On Monday, the New York State Department of Environmental Conservation closed its comment section to the Draft Mute Swan Management Plan.
During a recent Cassadaga Village Board meeting, residents passionately stated their desire to save the swans. Cassadaga Lake gets about seven swans, which attract a lot of locals as well as tourists to the lake. The DEC Draft Mute Swan Management Plan, which began in December was accepting comments up until Monday.
Cassadaga Village calls the mute swan its bird and views them as Cassadaga Lake's identity.
OBSERVER Photo by Gene Pauszek
Cassadaga Lake Mute Swans enjoying the icy water.
Comments on the draft mute swan plan were open through Monday. DEC received approximately 1,500 individual comments, approximately 16,000 form-letter e-mails and approximately 25,000 signatures on various petitions.
Various local government officials are being asked to contact Sen. Catherine Young about the mute swans. The belief is if communities can get their local government involved in saving the swans a law can be passed to save them.
Those who want to help stop the plan are encouraged to write Sen. Catherine Young at email@example.com or call 518-455-3563.
"We will carefully review all comments received and prepare a responsive summary on substantive issues raised by the public," NYSDEC Office of Media Relations Spokeswoman Lori Severino said. "DEC is determining the next steps in the process, which could include updates to the plan."
There are some other groups that are involved in this issue and recognize the need for a management plan for mute swans in New York State, including Cornell University.
Meanwhile others are still fighting to save the swans.
A bill introduced by New York State Sen. Tony Avella of Queens would put a two-year hold on the DEC plan to remove the 2,200 wild mute swans in the state by 2025.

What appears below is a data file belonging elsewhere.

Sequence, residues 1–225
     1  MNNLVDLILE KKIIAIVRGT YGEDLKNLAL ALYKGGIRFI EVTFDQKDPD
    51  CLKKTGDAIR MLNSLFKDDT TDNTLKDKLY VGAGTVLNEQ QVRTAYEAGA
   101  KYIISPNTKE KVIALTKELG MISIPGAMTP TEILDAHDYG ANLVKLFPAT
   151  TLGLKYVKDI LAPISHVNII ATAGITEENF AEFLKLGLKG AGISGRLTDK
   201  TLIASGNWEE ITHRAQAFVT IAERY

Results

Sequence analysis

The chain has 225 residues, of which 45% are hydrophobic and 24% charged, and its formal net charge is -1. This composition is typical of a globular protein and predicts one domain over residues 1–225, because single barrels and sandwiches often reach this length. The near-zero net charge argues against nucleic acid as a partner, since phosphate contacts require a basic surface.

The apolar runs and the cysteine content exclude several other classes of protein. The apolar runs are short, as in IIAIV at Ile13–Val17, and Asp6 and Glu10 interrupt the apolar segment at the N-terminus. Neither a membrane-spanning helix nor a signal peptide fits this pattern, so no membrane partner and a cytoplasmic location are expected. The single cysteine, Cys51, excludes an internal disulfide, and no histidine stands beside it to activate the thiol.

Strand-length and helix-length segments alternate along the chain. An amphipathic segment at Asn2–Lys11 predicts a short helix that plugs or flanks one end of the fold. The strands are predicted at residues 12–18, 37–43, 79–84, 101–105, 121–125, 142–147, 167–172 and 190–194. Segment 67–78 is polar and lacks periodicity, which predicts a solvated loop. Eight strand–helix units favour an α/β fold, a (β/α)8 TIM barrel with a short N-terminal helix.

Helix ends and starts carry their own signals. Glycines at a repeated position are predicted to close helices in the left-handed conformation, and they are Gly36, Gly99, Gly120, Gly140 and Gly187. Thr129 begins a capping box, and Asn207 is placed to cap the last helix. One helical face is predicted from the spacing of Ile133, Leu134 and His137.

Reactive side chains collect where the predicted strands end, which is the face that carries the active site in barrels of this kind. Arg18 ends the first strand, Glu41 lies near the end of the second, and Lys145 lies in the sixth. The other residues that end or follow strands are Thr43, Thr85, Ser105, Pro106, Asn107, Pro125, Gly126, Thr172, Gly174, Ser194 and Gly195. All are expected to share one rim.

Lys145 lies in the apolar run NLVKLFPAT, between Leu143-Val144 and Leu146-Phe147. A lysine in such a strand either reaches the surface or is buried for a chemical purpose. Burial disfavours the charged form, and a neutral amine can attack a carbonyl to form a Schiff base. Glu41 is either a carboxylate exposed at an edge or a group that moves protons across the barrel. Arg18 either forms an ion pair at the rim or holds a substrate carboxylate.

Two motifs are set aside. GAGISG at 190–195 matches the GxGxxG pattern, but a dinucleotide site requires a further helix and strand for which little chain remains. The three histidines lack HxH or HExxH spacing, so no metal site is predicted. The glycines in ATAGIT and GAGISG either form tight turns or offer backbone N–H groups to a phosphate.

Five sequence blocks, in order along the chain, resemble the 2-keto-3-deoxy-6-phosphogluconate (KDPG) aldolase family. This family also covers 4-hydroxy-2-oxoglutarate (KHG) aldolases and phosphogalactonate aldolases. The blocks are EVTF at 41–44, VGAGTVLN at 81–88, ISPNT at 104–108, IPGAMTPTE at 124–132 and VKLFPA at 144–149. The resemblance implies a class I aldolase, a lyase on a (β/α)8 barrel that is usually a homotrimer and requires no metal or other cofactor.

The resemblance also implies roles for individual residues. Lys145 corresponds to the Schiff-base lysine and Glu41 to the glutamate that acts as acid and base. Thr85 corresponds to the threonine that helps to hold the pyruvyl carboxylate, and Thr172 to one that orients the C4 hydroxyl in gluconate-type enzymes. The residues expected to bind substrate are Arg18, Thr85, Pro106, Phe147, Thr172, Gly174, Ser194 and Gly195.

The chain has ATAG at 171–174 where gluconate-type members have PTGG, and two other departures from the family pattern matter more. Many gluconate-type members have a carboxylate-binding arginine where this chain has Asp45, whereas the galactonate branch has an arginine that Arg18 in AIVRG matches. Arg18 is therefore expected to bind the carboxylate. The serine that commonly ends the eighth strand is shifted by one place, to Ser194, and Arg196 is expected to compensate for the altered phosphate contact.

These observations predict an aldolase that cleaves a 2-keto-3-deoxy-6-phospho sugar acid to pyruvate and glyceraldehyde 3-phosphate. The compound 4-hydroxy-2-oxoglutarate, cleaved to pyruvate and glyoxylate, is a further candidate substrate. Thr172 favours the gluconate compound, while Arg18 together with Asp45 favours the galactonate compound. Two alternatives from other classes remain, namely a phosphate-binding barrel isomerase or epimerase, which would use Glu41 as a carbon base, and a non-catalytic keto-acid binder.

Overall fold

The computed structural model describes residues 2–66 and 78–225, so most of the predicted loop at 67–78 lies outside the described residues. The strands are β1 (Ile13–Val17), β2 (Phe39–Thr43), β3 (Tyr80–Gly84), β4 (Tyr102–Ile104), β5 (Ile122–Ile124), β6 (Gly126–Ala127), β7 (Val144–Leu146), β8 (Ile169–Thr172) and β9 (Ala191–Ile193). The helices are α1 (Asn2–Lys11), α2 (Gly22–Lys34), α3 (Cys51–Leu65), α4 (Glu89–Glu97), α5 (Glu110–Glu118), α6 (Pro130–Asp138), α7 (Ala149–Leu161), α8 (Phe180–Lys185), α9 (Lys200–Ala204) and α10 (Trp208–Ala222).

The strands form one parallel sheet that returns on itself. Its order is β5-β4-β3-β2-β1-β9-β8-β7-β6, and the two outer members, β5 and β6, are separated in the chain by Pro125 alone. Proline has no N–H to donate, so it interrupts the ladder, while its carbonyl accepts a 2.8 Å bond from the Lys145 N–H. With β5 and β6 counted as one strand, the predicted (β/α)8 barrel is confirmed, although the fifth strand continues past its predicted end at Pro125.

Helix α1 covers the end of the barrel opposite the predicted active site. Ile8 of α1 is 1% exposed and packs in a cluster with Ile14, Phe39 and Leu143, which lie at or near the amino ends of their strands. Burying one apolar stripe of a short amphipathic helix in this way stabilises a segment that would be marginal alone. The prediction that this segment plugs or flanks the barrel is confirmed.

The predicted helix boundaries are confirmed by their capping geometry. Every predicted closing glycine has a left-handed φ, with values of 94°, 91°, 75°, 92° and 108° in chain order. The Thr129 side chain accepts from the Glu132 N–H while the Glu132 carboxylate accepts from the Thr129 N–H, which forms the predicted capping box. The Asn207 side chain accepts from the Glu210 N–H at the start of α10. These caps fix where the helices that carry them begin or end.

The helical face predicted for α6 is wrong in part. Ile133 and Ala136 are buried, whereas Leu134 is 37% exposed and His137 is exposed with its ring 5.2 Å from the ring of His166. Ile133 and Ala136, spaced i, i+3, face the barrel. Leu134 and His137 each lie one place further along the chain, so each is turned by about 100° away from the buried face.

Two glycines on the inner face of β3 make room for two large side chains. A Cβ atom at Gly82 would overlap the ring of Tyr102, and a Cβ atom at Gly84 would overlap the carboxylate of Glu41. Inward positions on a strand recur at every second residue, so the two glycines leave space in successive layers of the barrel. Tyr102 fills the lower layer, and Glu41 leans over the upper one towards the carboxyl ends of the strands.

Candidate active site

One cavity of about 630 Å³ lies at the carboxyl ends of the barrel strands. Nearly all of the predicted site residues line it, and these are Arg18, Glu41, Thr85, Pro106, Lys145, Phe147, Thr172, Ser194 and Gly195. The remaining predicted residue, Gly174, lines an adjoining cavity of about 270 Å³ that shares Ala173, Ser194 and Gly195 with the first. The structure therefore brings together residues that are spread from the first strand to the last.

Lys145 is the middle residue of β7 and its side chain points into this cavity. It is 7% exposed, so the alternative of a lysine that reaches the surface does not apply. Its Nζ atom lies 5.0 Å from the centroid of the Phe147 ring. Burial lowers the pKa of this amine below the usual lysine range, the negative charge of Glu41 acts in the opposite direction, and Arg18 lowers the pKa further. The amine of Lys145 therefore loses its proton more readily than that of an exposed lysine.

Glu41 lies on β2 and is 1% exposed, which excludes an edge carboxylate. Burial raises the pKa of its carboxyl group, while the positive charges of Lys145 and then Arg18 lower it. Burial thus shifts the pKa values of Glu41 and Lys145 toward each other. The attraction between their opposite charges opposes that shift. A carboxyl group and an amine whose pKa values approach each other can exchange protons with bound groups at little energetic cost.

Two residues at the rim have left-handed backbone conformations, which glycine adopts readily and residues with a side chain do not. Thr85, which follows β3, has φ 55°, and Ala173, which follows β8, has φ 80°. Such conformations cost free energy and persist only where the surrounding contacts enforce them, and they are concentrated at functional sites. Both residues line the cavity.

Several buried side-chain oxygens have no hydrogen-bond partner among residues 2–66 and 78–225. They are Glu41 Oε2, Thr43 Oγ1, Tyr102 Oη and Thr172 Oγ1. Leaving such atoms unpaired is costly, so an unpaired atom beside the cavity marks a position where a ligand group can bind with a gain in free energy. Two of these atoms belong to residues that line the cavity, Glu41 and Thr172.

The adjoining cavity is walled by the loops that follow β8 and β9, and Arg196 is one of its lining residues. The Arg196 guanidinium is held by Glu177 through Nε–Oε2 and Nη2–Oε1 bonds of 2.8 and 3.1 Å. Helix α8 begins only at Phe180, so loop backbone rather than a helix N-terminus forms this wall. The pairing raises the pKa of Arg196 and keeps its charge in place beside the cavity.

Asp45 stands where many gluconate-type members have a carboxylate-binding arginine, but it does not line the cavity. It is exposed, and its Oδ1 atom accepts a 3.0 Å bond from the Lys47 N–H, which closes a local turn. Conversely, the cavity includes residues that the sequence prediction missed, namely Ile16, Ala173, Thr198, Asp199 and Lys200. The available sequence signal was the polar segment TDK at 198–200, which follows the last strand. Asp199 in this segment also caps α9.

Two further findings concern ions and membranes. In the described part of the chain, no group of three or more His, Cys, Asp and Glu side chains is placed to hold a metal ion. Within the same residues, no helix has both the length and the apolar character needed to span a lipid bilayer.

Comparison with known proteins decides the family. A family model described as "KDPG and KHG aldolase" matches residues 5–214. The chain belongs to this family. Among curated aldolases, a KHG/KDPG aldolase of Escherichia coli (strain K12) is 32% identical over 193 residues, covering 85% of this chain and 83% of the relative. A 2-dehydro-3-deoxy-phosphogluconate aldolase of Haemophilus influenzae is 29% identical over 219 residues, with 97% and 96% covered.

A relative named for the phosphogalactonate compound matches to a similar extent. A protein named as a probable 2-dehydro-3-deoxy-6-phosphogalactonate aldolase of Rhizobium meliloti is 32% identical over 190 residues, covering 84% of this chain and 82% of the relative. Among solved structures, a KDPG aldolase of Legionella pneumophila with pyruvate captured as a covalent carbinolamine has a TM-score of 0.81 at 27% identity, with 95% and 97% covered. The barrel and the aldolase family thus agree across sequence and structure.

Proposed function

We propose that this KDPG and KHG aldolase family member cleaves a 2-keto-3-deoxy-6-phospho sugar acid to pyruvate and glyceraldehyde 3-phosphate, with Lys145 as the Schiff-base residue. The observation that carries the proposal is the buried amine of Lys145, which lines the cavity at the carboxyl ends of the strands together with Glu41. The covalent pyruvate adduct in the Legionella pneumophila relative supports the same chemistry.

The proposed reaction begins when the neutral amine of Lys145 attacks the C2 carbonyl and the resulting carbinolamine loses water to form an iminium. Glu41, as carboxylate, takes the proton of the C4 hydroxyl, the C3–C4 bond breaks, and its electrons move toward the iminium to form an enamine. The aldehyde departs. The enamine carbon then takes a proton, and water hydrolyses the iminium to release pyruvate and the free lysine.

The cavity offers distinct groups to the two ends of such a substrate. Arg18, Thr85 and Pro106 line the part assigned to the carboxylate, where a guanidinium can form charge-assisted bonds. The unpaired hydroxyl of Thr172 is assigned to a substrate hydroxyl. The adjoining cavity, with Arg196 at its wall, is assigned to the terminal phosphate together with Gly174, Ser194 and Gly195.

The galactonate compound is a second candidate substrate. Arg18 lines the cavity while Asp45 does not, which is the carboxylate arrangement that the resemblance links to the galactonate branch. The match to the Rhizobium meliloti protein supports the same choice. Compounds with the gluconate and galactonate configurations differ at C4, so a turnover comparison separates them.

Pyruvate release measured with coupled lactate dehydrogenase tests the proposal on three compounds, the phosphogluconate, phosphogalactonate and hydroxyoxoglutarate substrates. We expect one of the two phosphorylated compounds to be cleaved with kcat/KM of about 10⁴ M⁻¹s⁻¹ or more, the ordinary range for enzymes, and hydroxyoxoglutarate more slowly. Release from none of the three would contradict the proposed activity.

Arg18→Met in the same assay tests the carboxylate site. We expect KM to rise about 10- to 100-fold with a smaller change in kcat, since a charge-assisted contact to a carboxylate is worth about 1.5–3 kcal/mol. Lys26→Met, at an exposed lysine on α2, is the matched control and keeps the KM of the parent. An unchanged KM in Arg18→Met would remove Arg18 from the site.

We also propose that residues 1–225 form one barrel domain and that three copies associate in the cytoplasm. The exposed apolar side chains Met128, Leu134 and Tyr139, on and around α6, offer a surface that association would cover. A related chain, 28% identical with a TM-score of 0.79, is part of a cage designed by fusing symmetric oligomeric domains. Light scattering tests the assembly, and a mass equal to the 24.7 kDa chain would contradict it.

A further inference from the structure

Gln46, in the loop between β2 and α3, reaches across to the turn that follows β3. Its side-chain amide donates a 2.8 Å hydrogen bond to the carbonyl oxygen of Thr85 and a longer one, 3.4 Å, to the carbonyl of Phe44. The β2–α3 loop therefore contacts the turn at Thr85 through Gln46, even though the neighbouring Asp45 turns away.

Severino addressed the fact some people are not going to be for the plan.
"The most effective way to address those concerns is to work toward a gradual reduction of the wild mute swan population," she said. "Our plan, which would allow people to enjoy these birds through responsible private ownership, is more balanced and comprehensive than many critics have suggested, and we encourage everyone to read the plan, as well as a report we prepared on mute swans in New York, before rejecting it outright."
"The plan includes important strategies for preventing population growth and specific controls to allow mute swans to be taken from the wild and turned over to responsible owners," she continued. "This is an important component of the plan."
DEC believes Mute swans are an invasive species that can be very aggressive and have detrimental effects on wetlands and habitat of native fish and wildlife. DEC conducted a study and found that areas exposed to swan foraging had 70-80 percent less biomass of submerged aquatic vegetation than in areas where swans were excluded for less than one full growing season.
Connecticut, Rhode Island and Maryland have reported similar results. DEC has also noted the disappearance of black tern, an endangered wetland bird in New York, from an area after it was colonized by mute swans in the mid 1990s. A study in Maryland found that mute swans displaced a colony of least terns and black skimmers from an important nesting area in Chesapeake Bay.
Mute swans can significantly damage water quality as their feces contain e coli. Their potential for rapid population growth is a concern. In a study by DEC, fecal coliform counts in coastal waters tended to be higher where the most swans were observed, often exceeding what would be threshold values for certified shellfishing areas. Areas without swans had fecal coliform levels near or below the thresholds for closure.
Bottom line is there are some who believe the swans are bad for the environment due to their aggressive behavior and consumption of plant life around the water.
There are some who strongly believe the swans should be saved due to the fact they mean a lot to several communities.